Do grammar and vocabulary matter any more? It wouldn’t seem so when you take a look at texting, email and even some blogs. Have to confess I use shortcuts when texting – no upper case, abbreviations that only make sense to someone in the 21st century and, yes, I’m also guilty of ignoring punctuation.
Why? Because of the nature of the beast. Texting is instantaneous, like chatting. We don’t necessarily speak in perfect sentences or with good grammar so this seems to work for texting and the casual email.
AUG. 15 – The Dreaded Synopsis Made Easy (click here)
AUG. 29 – Draft Your Query Letter (click here)
SEPT. 5 – Learn How to Find a Literary Agent (click here)
But when it comes to writing a novel, or your blog (which literary agents, publishers, readers and the general public may judge you by) you should use proper grammar and the correct vocabulary. Yes, grammar and vocabulary do matter … especially if you are a writer.
As writers, words are the tools we use to construct our story. And vocabulary is one of the most powerful of those tools. After all, if someone doesn’t understand what we are saying, then we have failed miserably. A good vocabulary allows you to communicate not only your ideas, but the thoughts and emotions of the characters that populate your novel, plus it allows the reader to visualize the world you have created through the art of description. The right word at the right time makes all the difference.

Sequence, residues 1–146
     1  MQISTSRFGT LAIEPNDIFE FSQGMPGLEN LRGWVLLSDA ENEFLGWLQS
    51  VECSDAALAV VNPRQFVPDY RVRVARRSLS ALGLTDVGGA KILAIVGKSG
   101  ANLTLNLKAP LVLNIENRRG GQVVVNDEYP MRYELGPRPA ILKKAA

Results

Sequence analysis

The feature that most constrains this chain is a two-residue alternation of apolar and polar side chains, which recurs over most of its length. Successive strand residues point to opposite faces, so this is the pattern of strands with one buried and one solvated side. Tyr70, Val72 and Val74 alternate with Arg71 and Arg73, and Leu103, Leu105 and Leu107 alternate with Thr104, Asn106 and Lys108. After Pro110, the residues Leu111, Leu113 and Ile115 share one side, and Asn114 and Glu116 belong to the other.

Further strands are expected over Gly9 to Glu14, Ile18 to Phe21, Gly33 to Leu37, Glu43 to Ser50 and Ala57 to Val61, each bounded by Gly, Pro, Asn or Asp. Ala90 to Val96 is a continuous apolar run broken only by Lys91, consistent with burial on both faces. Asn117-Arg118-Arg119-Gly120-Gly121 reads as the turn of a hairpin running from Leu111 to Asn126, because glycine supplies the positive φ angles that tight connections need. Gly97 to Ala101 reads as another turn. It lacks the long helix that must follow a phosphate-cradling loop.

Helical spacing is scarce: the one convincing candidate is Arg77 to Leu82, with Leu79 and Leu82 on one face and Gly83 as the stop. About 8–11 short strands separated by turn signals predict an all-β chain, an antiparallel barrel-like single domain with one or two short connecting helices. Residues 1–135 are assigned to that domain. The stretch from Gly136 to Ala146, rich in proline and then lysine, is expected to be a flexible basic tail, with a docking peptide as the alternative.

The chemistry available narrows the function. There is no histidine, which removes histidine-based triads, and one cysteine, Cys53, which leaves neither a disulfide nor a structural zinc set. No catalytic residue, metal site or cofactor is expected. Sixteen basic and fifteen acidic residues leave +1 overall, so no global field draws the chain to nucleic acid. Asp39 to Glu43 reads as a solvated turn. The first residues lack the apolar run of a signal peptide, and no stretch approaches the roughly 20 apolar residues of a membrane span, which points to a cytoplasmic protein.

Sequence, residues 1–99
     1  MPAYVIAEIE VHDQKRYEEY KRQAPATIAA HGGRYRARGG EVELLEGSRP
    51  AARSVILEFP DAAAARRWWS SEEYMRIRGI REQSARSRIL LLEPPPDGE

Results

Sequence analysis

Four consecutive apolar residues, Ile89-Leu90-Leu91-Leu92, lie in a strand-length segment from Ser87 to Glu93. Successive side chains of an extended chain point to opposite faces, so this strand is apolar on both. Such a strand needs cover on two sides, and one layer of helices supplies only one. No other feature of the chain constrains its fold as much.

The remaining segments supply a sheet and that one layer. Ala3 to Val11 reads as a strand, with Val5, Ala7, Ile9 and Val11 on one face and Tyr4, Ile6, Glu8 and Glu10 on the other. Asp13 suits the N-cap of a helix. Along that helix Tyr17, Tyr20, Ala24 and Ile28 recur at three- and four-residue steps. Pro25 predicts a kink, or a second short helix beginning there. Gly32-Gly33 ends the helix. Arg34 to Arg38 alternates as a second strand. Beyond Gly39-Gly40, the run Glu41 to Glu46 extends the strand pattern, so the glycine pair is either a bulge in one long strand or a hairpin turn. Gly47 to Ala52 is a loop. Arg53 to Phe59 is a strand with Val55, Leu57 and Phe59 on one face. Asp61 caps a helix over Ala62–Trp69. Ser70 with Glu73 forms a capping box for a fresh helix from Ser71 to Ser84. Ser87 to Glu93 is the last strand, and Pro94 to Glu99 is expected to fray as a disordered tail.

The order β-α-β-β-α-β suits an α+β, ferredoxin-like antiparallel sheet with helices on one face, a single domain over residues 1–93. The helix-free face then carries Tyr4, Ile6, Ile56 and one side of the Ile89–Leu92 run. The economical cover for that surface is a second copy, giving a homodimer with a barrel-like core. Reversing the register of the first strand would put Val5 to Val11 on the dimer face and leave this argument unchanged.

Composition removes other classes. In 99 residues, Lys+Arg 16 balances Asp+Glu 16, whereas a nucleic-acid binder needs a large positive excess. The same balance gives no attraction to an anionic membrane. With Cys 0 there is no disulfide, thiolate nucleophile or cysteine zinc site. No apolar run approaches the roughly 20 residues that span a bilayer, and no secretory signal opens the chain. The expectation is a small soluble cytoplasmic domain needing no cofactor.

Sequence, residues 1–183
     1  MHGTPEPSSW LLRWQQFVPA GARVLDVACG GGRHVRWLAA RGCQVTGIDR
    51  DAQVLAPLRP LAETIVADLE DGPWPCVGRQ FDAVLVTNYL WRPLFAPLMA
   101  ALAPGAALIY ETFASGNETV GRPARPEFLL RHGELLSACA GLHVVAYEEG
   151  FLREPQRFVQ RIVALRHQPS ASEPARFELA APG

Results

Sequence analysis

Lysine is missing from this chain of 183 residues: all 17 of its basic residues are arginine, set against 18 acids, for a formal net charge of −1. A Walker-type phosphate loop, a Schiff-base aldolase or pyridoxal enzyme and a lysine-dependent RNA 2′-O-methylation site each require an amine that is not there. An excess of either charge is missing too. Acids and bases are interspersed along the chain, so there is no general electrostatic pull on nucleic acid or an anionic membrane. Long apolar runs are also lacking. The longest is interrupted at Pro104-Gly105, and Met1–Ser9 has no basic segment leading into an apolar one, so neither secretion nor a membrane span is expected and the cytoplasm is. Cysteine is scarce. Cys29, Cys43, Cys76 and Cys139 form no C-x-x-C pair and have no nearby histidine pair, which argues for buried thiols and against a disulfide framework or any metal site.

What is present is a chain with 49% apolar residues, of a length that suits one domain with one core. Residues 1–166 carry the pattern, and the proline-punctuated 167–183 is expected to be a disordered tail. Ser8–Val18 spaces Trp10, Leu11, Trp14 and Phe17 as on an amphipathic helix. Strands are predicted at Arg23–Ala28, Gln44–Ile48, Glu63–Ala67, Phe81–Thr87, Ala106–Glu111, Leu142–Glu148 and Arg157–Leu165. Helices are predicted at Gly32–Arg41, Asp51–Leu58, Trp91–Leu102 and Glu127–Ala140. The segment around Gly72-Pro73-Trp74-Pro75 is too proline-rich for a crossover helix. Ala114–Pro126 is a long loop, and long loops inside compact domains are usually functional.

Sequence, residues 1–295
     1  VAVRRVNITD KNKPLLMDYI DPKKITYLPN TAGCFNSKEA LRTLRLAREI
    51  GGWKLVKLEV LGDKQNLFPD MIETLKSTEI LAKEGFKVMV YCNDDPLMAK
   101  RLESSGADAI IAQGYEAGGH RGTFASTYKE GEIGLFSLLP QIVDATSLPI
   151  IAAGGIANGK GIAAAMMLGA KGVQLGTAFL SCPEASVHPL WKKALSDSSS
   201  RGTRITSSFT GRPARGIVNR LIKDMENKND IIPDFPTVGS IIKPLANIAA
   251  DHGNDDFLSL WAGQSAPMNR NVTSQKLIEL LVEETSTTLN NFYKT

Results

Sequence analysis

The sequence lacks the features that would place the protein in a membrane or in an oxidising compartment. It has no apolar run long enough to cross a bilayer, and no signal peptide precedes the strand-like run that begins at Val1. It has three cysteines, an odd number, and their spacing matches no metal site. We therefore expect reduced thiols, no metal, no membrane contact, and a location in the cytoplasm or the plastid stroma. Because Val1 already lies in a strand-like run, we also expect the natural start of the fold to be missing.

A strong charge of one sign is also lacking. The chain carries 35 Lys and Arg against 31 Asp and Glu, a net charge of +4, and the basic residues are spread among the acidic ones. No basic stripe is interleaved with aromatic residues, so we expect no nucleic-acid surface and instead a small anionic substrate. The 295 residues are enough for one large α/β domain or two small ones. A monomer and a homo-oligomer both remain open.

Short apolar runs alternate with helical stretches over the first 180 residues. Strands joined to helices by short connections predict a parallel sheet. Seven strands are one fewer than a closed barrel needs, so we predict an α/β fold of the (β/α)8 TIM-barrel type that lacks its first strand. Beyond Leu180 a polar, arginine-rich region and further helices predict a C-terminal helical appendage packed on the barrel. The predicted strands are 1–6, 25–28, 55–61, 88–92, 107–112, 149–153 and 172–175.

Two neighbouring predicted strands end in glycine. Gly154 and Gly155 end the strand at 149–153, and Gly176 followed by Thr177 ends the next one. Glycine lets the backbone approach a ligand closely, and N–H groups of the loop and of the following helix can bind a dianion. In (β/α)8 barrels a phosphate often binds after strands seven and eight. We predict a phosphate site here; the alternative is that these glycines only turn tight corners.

Just remember that having a rich vocabulary is not about using the most intricate or difficult word you can find, or using jargon. Think about vocabulary as choosing the best dress for the occasion. You may have twenty-five gorgeous dresses in your closet, but the blue jewel tone is the one that will best display your assets for that particular occasion. That’s the one you go with.
In the same way, grammar can make or break your story. Many writers whine that grammar is not their best suit. So learn it. It’s a bad carpenter that blames his tools for his shoddy work and it’s a bad writer that blames grammar for a poor story. Just like a carpenter needs to use a saw, so too, the writer needs to acquire a rich vocabulary and to learn the rules of English grammar.
2016 Summer Writing Classes in Oakville
Creative Writing 101 – Tuesday afternoons Aug.2 – Sept. 13 (no class Aug. 9)
Crafting Your Novel – Wednesday afternoons Aug. 3 – Sept. 14 (no class Aug. 10)
For more details click on the links or email email@example.com